Miovision, whose technology helps cities reduce traffic congestion, is hitting the gas pedal with C$30 million in new investment.

The Series B round, led by Montreal-based merchant bank MacKinnon, Bennett & Co., will help the nine-year-old company expand the reach of its cloud-based traffic management platform.

That system, called Spectrum, uses video to collect data from intersections in real time and sends it to the cloud, which enables cities to co-ordinate traffic signals and reduce gridlock.

“Most people don’t know this, but a lot of intersections aren’t actually connected to one another or to any sort of central system,” Kurtis McBride, Miovision co-founder and CEO, told Communitech News.

The relatively few connected signal systems in existence use expensive fibre-optic or Ethernet networks to feed traffic data into large, centrally run data centres. By contrast, Miovision’s system uses easily-installed cellular antennae to feed the same traffic data from intersections to the cloud, where it can be managed using any web browser.

“With one of the pilot customers we’re working with right now, we’re doing 634 intersections for them for roughly the same price as they did 40 intersections last year” using conventional technology, McBride said.

Miovision aims to capitalize on the current trends toward smarter cities, open data and energy conservation to market its platform to municipalities, which have traditionally relied on “regional monopolies” for traffic-management technology, McBride said.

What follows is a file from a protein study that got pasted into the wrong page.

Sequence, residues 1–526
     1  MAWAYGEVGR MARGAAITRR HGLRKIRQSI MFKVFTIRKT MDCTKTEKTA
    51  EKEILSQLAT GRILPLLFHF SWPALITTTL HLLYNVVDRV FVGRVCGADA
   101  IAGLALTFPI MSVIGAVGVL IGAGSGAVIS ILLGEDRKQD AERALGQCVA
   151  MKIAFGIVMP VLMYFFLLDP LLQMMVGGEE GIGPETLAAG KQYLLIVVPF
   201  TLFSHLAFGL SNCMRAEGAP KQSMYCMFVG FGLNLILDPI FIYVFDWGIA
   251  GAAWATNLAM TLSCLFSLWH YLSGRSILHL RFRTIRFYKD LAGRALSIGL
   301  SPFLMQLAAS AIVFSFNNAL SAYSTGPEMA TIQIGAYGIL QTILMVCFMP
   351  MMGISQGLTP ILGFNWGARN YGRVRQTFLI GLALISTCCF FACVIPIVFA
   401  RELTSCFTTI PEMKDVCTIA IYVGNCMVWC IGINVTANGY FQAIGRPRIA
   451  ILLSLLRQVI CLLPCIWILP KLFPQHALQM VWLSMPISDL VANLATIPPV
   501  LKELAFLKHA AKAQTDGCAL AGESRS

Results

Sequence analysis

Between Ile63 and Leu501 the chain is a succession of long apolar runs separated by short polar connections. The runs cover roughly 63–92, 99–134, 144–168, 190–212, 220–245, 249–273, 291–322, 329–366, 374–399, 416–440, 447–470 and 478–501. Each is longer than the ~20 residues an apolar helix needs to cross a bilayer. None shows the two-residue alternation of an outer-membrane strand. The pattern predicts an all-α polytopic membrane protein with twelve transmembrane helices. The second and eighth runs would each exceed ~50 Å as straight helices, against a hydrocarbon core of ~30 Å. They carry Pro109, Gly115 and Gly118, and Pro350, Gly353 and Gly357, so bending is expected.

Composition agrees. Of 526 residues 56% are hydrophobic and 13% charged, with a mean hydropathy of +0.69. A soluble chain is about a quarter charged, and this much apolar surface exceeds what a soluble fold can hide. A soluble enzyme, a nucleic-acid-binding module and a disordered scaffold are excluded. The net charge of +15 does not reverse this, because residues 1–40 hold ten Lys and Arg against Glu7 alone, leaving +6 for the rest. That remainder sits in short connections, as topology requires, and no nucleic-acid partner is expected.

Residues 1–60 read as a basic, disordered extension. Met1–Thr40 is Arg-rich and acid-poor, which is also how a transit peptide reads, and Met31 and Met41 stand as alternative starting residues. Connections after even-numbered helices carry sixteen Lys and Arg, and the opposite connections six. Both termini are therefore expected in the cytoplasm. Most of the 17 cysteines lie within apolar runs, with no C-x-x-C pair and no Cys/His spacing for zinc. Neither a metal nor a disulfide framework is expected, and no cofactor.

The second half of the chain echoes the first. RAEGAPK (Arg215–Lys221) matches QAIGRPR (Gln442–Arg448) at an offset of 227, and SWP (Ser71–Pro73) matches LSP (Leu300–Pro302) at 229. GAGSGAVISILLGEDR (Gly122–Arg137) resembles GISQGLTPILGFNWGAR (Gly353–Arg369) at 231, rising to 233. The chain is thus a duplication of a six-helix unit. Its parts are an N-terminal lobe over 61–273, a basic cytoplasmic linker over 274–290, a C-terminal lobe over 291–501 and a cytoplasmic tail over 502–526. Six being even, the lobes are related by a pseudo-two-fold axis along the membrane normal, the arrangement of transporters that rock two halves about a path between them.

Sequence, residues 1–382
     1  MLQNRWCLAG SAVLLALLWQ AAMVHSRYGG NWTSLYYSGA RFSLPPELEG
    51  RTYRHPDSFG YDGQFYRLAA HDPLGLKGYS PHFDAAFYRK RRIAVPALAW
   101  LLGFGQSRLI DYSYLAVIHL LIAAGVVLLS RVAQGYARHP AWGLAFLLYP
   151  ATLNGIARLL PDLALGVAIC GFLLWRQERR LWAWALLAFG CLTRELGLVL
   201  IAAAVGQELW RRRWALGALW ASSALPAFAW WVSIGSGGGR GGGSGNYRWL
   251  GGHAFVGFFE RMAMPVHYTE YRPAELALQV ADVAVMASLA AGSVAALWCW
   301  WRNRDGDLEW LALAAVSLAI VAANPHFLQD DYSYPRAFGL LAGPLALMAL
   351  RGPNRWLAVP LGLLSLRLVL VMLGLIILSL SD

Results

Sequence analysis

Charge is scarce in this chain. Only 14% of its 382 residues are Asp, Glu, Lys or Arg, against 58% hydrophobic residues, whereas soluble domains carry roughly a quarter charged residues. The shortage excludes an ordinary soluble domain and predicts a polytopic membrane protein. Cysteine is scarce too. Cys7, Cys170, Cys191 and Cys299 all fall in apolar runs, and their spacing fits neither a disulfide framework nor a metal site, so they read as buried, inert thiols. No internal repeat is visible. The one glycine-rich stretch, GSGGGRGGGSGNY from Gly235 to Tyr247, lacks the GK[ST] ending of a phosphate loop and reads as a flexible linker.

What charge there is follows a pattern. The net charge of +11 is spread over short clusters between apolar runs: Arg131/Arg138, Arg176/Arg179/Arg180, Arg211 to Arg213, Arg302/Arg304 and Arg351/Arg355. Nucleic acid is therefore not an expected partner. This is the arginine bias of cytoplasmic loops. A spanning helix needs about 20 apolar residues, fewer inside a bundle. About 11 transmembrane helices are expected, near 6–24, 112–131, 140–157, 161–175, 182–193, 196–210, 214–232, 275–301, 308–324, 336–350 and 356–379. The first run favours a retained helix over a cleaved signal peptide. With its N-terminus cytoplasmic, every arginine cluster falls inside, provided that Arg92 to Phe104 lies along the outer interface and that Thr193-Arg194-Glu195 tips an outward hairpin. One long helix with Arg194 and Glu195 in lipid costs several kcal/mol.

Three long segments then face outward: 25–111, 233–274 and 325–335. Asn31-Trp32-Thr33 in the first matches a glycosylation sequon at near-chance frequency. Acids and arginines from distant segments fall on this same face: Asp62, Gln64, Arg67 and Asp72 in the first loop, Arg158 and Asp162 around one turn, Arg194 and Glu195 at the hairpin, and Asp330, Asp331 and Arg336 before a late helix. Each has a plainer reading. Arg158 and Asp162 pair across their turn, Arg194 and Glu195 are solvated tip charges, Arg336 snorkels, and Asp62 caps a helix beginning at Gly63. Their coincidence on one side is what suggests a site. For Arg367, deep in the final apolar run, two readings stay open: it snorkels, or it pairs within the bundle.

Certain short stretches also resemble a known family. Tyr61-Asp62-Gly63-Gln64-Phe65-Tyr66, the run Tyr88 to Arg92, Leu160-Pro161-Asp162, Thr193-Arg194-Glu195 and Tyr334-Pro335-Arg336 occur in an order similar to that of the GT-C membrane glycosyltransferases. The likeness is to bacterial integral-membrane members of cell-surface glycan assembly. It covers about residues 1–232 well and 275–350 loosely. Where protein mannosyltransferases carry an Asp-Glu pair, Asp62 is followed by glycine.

That technology invariably operates on expensive, closed platforms that have failed to take advantage of advancements in wireless and cloud systems.

“We’re trying to move the industry . . . towards more of an open architecture” that will allow third parties to build applications on Miovision’s platform, he said, “the idea being that the more open the network, the more innovation can happen, because the more collaboration can happen between different parties.”

McBride added: “I suspect the customers will love it and I suspect the incumbent market forces will not, but ultimately, if we serve the customer, then that’s the right way to win.”

In addition to MacKinnon, Bennett & Co., participants in the investment round are Investeco Capital (Toronto), Renewal Funds (Vancouver), Plaza Ventures (Toronto) and Comerica (Dallas).

The first three of those five specialize in environmental or energy conservation investments. All but Comerica are also Canadian, a relative rarity in tech investing north of the border, and a point of pride for Miovision, McBride said.

“There are lots of people who take U.S. investment, and I don’t think there’s anything wrong with that necessarily,” he said. “So many times people just assume there’s no money here and go south, so this was our way to show the community that there is money out there if you look for it, and if you can, keep it in the country.”

McBride co-founded Miovision with University of Waterloo classmates Kevin Madill and Tony Brijpaul in 2005, and they were the first clients at Waterloo’s Accelerator Centre when it opened in 2006.

In 2007, the company launched in earnest when it shipped its first Video Collection Units to customers in North America. The VCUs, a more accurate and affordable alternative to manual traffic counting, worked in tandem with Miovision video processing software.

A few iterations later, its video units have gathered more than 1.5 million hours of traffic data for collection firms, engineering firms and government agencies. Miovision has more than 500 customers in 50 countries.

The company employs 75 people, and plans to grow at a rate of about three employees per month, subject to being able to find the right candidates, McBride said.

“Our philosophy is, it’s hard to find amazing people who fit the culture and are passionate about what we’re trying to do,” he said, “so as fast as we can find those types of people, we’re going to hire them.”

McBride made waves late last year when he suggested Waterloo Region’s tech ecosystem would benefit from more poaching of employees, by forcing employers to work harder to retain talented people.